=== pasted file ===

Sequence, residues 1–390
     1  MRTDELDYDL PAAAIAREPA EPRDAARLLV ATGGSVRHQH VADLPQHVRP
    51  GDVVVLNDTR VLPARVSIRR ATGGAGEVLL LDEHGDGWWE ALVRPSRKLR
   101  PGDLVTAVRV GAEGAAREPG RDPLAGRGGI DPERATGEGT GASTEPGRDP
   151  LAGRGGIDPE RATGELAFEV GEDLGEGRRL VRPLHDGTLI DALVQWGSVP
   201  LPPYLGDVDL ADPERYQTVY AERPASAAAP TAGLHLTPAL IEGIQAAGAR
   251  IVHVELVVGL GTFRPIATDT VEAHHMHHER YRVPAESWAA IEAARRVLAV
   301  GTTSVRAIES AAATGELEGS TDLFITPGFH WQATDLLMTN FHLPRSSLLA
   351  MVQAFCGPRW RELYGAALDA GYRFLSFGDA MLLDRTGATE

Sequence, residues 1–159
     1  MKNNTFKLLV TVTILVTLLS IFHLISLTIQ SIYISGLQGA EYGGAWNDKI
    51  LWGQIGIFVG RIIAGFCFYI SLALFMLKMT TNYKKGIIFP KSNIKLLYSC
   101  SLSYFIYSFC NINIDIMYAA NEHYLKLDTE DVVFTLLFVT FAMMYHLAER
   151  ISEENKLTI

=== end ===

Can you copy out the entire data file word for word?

Sequence, residues 1–390
     1  MRTDELDYDL PAAAIAREPA EPRDAARLLV ATGGSVRHQH VADLPQHVRP
    51  GDVVVLNDTR VLPARVSIRR ATGGAGEVLL LDEHGDGWWE ALVRPSRKLR
   101  PGDLVTAVRV GAEGAAREPG RDPLAGRGGI DPERATGEGT GASTEPGRDP
   151  LAGRGGIDPE RATGELAFEV GEDLGEGRRL VRPLHDGTLI DALVQWGSVP
   201  LPPYLGDVDL ADPERYQTVY AERPASAAAP TAGLHLTPAL IEGIQAAGAR
   251  IVHVELVVGL GTFRPIATDT VEAHHMHHER YRVPAESWAA IEAARRVLAV
   301  GTTSVRAIES AAATGELEGS TDLFITPGFH WQATDLLMTN FHLPRSSLLA
   351  MVQAFCGPRW RELYGAALDA GYRFLSFGDA MLLDRTGATE

Sequence, residues 1–159
     1  MKNNTFKLLV TVTILVTLLS IFHLISLTIQ SIYISGLQGA EYGGAWNDKI
    51  LWGQIGIFVG RIIAGFCFYI SLALFMLKMT TNYKKGIIFP KSNIKLLYSC
   101  SLSYFIYSFC NINIDIMYAA NEHYLKLDTE DVVFTLLFVT FAMMYHLAER
   151  ISEENKLTI